Beaudesert Rifle Range

In about May 1943, Tabragalba Homestead was taken over by Lieutenant Commander J.C. McManus, RAN, the Supervising Intelligence Officer (S.I.O.) who was in charge of the Coast Watchers in the North East Area. Officers, other ranks and New Guinea natives were accommodated and trained at Camp Tabragalba. The Allied Intelligence Bureau, the Philippine Section; GHQ, the Coast Watchers and other units all had an involvement at Camp Tabragalba. Filipinos, New Guinea and Dutch East Indies natives, plus some “M” Special Operations (“M” Force) and “Z” Special Operations (“Z” Force) personnel along with Far Eastern Liaison Office (FELO) personnel were involved at Camp Tabraglaba.

Air-warning personnel from New Britain plus A.I.F. soldiers who had served in Bougainville, in the New Guinea parties, and on HMAS Paluma were trained there. Personnel received weapons training, were instructed in the use of radios and trained to use rubber boats. The surrounding country side was perfect for route marches and gymnastic exercises to ensure an appropriate level of fitness was achieved.

The 978th Signal Service Company was activated in Brisbane on 8 October 1943. Selected personnel were then shipped to Camp X (Camp Tabragalba), near Beaudesert in Queensland. They were part of the Allied Intelligence Bureau‘s Section C – Coast Watch Organisation or Combined Field Intelligence Service. This evolved from the pre-war Naval coast watching system. The role of Section C was “obtaining all possible information about the enemy, his disposition, movements, strength, etc. through such agencies as the coastwatchers, native agents and civilian operations”.

The following units had a hand in the establishment and running of Camp Tabragalba:-

– the Allied Intelligence Bureau (AIB)
– the Philippine Regional Section, GHQ
– the Coast Watchers
– and others,

The first contingent from the 978th Signal Service Company started their camp at Tarbragalba in August 1943. They established rows of tents for accommodation and built interconnecting gravel walkways. They built a supply building, a recreation building and a shower block. The sporting facilities they built included a clay tennis court, a basketball court, and a baseball park. Other sports played included volleyball, softball, chess and checkers.

There were Filipinos, New Guinea natives, and some natives from the Dutch East Indies, and possibly “M” and “Z” Forces and the Far Eastern Liaison Office (FELO) involved at Camp Tabragalba.

The McVey family of Biddiddaba Creek would often host the Filipino soldiers from Camp Tabralgalba. They used to hike across the mountain to buy pigs and chickens which they would spit-roast. They would often share the roasts with the McVeigh family. The Filipinos would bring lollies (“candy”) and Coca-Cola for the children and open billy-cans of beer for themselves. By the time they would arrive at the McVeigh farm everything would be covered with grass seeds. They would often borrow the McVeigh’s horses to go for a ride in the bush.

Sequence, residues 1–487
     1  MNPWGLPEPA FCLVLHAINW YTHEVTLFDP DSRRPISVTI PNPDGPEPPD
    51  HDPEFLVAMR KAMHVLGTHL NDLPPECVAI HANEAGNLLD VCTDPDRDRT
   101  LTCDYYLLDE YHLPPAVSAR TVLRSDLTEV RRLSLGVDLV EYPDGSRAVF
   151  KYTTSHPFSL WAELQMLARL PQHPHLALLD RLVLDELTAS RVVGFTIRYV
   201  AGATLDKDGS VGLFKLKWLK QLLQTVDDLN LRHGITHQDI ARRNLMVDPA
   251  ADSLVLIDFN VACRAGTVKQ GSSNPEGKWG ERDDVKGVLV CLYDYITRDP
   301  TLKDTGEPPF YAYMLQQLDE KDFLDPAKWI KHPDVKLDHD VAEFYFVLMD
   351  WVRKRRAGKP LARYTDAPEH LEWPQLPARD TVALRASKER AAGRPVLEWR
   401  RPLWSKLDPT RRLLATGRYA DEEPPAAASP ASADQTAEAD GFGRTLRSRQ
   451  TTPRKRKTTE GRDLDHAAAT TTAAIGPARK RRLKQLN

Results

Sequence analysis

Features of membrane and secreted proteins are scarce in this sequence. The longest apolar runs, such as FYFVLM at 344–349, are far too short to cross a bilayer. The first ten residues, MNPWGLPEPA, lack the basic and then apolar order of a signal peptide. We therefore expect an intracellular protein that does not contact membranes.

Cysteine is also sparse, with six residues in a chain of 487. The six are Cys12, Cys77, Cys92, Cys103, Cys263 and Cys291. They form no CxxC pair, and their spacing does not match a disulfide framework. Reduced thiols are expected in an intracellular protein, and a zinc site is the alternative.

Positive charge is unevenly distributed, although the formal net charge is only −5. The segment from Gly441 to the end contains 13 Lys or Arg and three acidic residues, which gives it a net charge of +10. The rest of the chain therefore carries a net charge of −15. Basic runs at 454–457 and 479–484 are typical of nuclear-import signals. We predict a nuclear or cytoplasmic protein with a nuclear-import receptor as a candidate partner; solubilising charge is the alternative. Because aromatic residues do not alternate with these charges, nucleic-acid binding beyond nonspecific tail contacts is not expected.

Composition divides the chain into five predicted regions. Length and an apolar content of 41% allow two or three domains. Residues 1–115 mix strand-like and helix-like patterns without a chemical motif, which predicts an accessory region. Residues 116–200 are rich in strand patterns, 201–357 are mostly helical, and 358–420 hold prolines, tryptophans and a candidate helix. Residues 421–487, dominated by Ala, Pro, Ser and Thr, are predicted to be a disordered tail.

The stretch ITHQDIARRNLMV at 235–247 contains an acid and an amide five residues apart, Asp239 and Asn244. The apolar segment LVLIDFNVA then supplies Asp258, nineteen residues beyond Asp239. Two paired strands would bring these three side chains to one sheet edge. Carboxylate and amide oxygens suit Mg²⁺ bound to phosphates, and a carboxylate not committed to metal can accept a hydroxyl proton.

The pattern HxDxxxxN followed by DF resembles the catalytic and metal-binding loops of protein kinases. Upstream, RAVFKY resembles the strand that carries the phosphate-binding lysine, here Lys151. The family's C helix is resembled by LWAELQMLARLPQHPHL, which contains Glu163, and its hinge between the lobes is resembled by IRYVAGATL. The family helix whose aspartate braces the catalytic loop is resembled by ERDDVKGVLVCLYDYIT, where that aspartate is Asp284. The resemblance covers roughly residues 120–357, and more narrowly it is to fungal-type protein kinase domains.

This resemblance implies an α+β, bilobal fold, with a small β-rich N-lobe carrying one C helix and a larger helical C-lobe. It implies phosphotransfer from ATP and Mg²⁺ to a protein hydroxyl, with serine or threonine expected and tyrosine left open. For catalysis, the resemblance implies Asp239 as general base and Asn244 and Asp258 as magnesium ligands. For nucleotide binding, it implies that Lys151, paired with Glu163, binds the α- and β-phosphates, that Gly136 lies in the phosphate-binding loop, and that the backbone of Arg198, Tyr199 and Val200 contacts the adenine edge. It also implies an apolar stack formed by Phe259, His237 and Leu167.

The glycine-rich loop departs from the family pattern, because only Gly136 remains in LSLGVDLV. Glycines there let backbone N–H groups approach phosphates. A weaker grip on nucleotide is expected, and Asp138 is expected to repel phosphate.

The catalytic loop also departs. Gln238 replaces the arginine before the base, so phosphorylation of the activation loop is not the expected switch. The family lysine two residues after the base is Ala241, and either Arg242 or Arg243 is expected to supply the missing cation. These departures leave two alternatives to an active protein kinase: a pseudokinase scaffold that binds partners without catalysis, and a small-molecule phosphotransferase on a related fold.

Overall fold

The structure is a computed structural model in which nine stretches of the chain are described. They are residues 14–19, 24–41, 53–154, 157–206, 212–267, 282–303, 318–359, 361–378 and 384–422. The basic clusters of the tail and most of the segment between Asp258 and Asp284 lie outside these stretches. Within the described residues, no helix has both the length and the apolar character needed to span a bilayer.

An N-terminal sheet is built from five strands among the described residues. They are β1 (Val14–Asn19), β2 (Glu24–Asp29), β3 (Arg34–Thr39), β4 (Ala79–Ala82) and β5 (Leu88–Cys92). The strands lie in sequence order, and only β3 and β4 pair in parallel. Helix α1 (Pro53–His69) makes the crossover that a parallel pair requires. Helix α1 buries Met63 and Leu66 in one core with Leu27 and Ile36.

The Filipinos arranged many picnics, especially on Mother’s Day. They would invite many of the local mothers and their families to the picnics. The entertainment at the picnics would include a pig on-the-spit and a portable dance floor where jitter-bug contests were held.

In August 1944, Rufino F. Cacabelos, and 2nd Lt Edmondo Marfori and 2nd Lt. William Davis of the 978th published an Anniversary Book at Camp Tabragalba documenting the first year of occupation for the 978th at the camp. Julius B. Ruiz was Editor-in-Chief for the Anniversary Booklet. (Does anyone have a copy of the Anniversary Booklet?)

Tabragalba Homestead was once owned by John Beals Chandler, the founder of the Chandlers electrical retail company in Queensland. John Chandler was elected Lord Mayor of Brisbane in April 1940 and remained in office until 1952. John Chandler purchased Tabragalba in 1943 from Charles De Burg Persse. During the Second World War Chandler’s companies joined AWA Australia Ltd in the installation and servicing of radio, radar and echo sounding equipment on Australian and allied shipping to support the war effort. John Chandler was knighted on 1 January 1952 for his services to business and local government.

John Chandler died on 19 January 1962 survived by his wife and his two remaining sons Frank and Munro. Chandler had two sons who were killed in action during the Second World War. His son Frank Beals Chandler (426309) joined the RAAF on 20 June and was with 8 Service Flying Training School when he was discharged on 15 December 1944. His son Munro Nicholson (QX7013) joined the Australian Army on 1 April 1940 and was in the 2/2 Machine Gun Battalion when he was discharged on 24 October 1945.

Munro Nicholson “Pete” Chandler lived at Tabragalba Homestead for a number of years. Munro Chandler passed away in 1990 at the time that Tabragalba was taken over by the South East Queensland Water Board. Munro’s wife Gabrielle Chandler remained at Tabragalba with her second eldest son Ian Chandler. Ian continued to work the property and reared his family of four children with his wife Patricia until the take-over was finalised. There were plans to build a large dam in the area.














303 Spengler Road, Tabragalba

PO Box 672, Beaudesert, Qld 4285